Along the Ghanaian coast line are several white castles, now places of beauty. But the history of these structures is in stark contrast to the atrocities that took place there. For two centuries, between between 1640 and 1840, an estimated 1.2 million human beings were taken as cargo and shipped from Ghana’s castles to the Americas, coming from Senegal to Angola, captured, enslaved and brought to North and South America. Through complex business partnerships, ethnic groups like the Asante (Ghanians) would take captives during intertribal warfare, shackle the prisoners and march them hundreds of miles to the coastal forts where the Fante people (Ghanians) sold them to Europeans for manufactured goods. The captives were then taken across the Atlantic Ocean and sold into slavery.
Josh wonders what powerful, business partnerships exist today that allow for dehumanization and subjugation of people? What is there that requires our attention and needs to be stopped? There are many forms of trafficking and servitude, although much different, taking place today. Perhaps these castles in Ghana can remind us that we must remain vigilant to see that the poor and vulnerable among us are not taken advantage of again and again. The Presbyterian Church in West Africa strives to improve the well being of people, thereby preparing communities to address societal forces that can degrade people in their midst. What do we see around us that needs to be addressed?
My morning routines are usually the same every day. Wake up, make breakfast for the kids, wake them up, make sure they get dressed, feed them, send them on their way to school, and go to work. Monday through Friday, that’s what I do. I feel like I hit the ground running when I wake up. This morning was a little different. It started off the same, get up, make breakfast, but when I went to wake up my son, the poor guy was running a fever and wasn’t feeling very well. So back to bed for him as I got my daughter up and moving so she could at least go to school while I started to Clorox wipe everything down and spray enough Lysol in the air that anything that might make anyone sick, didn’t have a chance of survival. As the day progressed, my son finally asked for food and I knew that recovery was just around the corner. It’s always nice when you can see the light at the end of the tunnel and know that the worst is over. But for the first half of the day, all I could do is worry. I start wondering if my daughter or I is next in line to get sick. I think about the last 24 hours and what was touched or shared by my son that I must decontaminate and hope that everyone else’s immune system in the house is on high alert so we don’t get what my son has. As of right now though, it’s nice to see the end of the tunnel for my son.
There never is a sick day at our Church though. It’s always progression and togetherness. Recently, I missed a few Sundays in a row, not because of illness, but because life is busy and I had prior arrangements made for that time. When I came back, it felt so good to get back into my Sunday routines with everyone. To see my Church family was like seeing the light at the end of a very busy tunnel. Every Sunday, God brings us together with love which shines so brightly that it’s hard not to be able to relax knowing that whatever the worst of the week threw at you, it was over, even if it was only for a few hours. A few hours of relief can make such a difference in how you might handle the week that is coming your way. Especially when you have a sick day.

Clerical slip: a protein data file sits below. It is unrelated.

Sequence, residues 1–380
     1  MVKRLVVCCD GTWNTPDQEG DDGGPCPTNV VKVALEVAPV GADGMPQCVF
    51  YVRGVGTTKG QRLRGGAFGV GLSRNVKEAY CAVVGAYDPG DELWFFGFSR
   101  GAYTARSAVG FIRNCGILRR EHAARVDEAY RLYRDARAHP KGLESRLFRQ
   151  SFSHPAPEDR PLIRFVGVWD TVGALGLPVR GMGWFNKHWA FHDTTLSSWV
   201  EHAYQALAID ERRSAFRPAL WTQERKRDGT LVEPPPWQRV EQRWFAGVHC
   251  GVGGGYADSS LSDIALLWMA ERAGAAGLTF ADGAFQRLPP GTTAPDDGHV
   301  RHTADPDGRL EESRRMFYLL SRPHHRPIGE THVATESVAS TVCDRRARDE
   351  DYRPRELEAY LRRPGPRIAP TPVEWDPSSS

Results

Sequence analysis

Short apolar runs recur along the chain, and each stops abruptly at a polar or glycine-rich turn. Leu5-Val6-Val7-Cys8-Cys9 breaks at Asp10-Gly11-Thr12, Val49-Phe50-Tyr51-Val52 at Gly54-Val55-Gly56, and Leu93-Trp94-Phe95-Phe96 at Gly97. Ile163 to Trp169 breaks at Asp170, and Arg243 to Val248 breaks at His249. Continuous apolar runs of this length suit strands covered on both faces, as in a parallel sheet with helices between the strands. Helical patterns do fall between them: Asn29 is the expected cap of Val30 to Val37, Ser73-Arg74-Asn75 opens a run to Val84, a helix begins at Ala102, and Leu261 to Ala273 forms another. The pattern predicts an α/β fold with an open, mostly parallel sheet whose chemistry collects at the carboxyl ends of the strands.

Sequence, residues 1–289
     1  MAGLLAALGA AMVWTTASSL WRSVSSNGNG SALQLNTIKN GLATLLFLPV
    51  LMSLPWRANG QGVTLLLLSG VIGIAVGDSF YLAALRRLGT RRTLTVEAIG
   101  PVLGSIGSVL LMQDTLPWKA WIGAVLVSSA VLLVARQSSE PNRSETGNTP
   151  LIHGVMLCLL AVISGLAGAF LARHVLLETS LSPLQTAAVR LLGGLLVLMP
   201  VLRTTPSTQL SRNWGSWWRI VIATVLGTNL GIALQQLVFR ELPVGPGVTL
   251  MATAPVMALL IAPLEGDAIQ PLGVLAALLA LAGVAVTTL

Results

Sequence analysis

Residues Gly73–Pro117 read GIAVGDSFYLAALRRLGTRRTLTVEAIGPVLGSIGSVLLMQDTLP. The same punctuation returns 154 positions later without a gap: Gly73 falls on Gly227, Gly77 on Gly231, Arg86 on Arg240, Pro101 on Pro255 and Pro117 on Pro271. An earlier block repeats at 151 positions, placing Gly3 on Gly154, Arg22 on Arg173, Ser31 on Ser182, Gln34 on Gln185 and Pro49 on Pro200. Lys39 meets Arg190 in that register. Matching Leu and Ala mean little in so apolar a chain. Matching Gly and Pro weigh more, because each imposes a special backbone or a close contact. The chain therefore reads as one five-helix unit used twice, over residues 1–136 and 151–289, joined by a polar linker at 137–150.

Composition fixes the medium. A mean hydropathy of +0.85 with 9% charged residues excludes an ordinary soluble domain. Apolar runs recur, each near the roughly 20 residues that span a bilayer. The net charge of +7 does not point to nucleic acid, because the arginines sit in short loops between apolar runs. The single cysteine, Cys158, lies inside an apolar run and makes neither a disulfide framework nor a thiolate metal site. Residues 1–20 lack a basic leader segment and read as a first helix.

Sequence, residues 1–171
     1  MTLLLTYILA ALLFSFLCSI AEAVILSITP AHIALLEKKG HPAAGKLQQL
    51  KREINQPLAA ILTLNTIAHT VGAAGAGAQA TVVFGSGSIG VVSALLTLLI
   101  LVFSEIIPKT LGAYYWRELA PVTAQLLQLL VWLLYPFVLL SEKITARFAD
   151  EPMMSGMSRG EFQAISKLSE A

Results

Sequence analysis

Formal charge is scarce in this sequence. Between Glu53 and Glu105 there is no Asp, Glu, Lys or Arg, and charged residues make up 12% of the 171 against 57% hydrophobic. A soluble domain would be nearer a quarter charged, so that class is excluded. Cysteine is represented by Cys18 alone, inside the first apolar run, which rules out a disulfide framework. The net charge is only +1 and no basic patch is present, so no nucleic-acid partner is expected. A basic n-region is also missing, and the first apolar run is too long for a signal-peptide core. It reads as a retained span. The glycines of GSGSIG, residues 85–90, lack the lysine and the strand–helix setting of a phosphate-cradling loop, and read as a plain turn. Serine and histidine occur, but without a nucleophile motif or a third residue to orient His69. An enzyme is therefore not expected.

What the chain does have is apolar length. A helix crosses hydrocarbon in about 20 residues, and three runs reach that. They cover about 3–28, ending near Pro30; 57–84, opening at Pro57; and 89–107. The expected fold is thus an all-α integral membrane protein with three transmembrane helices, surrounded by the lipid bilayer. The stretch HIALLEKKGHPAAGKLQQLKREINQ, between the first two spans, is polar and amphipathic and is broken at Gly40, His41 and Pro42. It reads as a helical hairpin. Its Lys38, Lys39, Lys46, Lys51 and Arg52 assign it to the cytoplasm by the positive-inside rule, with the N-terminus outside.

What is Per Capita…
Per Capita is “the tie that binds”- annual giving that unites the entire church in the ongoing and essential work that guides the Office of the General Assembly, the life of the Presbyterian Church (U.S.A) and benefits every congregation and every mid council ministry. Per capita is the primary source of funding for the Office of the General Assembly, and is how Presbyterians mutually and equitably share the costs of coming together to discern the Spirit’s leading for the future. The 2019 Per Capita fee for our Presbytery has been confirmed at $25.00. Each per capita payment is divided, with $8.95 for General Assembly, $4.10 for the Synod of the North East, and $11.95 going to the Presbytery of Northern New York.
Many members of our church have already made their per capita payments. Our Church must pay per capita for each member, whether or not the member pays us. Your contribution helps Hammond Presbyterian Church cover our portion. Per Capita payments can be mailed to the church or dropped in the Offering with “Per Capita” written in the memo line. For more information about Per Capita and how it is accessed and allocated, please go to: http://oga.pcusa.org/section/ecclesial-and-ecumenical-ministries/per-capita/
For any questions concerning Hammond Presbyterians Per Capita amount or giving’s, Please contact Tara in the office at (315)324-5665 Mon-Friday 9am-12pm or email at HPC215@Gmail.com
Thank you for helping us to have more funds available for local ministry by providing your share of the per capita.
We asked, and you came. A BIG Thank you to Randy Kraft, Jen McGregor,
Joan Hadlock, Marilyn Hunter, Joan Delosh, Ann Root, Elizabeth Barrigar, Pete Atherton, Sabrina Atherton and Tara Atherton for coming out and helping to clean and winterizing the Manse. Many hands helped to make light work. There were lots of giggles and the feeling of accomplishment when finished. Thank you all again.